Contact The Red Rabbit Studio:
Vancouver, Canada
studio #: 1.778.786.1209




Order your cool business cards today!

The Red Rabbit Interviews: Honeypot CEO and Founder Dan Nedelko



Dan Nedelko of Honeypot

As part of The Red Rabbit Studio's exploration of entrepreneurship, I interviewed the founder and CEO of Honeypot, Dan Nedelko. If you're interested in entrepreneurship and want to learn from the pro's, then this interview will inspire you to make your ideas into something real.

Before we begin, let's learn a little about Honeypot.

The following is an excerpt from Honeypot's talented content developer Courtney Cassel.

"Honeypot Marketing is a hub of curiosity, brainstorming, and constant learning.


These digital marketers can be found working passionately in Waterloo, Toronto, and Costa Rica with a myriad of clients, both big and small.

CEO and Founder Dan Nedelko makes it his personal mission to instill the importance of collaboration in his team. He and the Honeypot crew work side-by-side with their clients to connect modern tools and tech to traditional advertising and marketing campaigns.


Well versed in the ups and downs that face both start-ups and established corporations, the Humans of Honeypot get excited when they hear about the next business idea. They’re always itching to use new marketing techniques, like growth hacking, so that they’re not speaking to everybody – just the right people."

I was excited to hear the wisdom of a serial entrepreneur like Dan, who has worked hard at making something from nothing. I'm even more excited to share his insight with all of you as you too strive to grow your ideas and businesses.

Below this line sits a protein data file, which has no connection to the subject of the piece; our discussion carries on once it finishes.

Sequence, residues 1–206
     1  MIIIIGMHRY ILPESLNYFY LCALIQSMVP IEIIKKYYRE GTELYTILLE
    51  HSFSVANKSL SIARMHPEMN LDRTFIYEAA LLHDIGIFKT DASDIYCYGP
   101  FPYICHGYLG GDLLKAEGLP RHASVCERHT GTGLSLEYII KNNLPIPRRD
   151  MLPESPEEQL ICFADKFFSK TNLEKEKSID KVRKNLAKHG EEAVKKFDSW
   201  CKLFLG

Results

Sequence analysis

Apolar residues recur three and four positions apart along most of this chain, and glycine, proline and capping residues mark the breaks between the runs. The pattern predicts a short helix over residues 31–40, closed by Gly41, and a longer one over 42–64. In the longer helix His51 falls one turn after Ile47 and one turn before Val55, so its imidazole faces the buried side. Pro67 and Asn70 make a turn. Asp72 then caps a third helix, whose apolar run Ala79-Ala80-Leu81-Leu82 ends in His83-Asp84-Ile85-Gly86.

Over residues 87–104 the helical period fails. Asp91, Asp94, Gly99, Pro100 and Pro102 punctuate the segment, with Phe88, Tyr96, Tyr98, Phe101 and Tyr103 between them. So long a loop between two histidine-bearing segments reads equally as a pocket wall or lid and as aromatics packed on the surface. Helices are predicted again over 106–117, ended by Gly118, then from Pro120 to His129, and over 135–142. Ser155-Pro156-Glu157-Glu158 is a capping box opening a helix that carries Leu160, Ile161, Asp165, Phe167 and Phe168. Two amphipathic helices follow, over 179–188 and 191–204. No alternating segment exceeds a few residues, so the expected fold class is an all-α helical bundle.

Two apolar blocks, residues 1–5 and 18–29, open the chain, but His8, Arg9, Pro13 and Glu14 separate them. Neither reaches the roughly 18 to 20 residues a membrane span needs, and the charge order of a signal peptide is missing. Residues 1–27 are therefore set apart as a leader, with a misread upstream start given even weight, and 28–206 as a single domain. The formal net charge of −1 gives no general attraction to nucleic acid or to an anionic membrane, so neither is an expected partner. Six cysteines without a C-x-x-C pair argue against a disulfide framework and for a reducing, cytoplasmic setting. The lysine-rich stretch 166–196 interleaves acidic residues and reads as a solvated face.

Red Rabbit: What ignited the spark in you to start Honeypot?

Dan Nedelko: I’ve always been an entrepreneur at heart. I owned my first business when I was 21 years old and I haven’t ever looked back on “doing my own thing”.

Honeypot specifically came from my software engineering background. I was involved for many years in the development of software and became frustrated with the way that business and marketing interacted with the end customer (not giving them what they truly wanted) and the lack of knowledge they had about the problem being solved.

It was then that I was motivated to get into the Marketing of these projects directly. Of course, there’s always the story of the name of Honeypot Marketing which is a great example of the spark being ignited. :)

RR: How did you find people to bring into Honeypot that truly care about the organization the way you do?

DN: That’s an interesting question. Over the years there have been many people involved with Honeypot Marketing at many different levels. Fundamentally we always look for

Building Blocks For Entrepreneurs: The Comic #3


Contact The Red Rabbit Studio for a free chat:
Vancouver, Canada
studio #: 1.778.786.1209
jason@theredrabbit.com

3 Reasons Entrepreneurship Is Scary & Not Scary.


Entrepreneurship is scary. It's also not scary. I guess it depends on your state of mind and the reasons anyone is an entrepreneur in the first place. The lists are potentially endless; financial uncertainty, the wrong partners, the wrong direction, the wrong marketing… many of these are common place as fears amongst entrepreneurs, both new and veteran.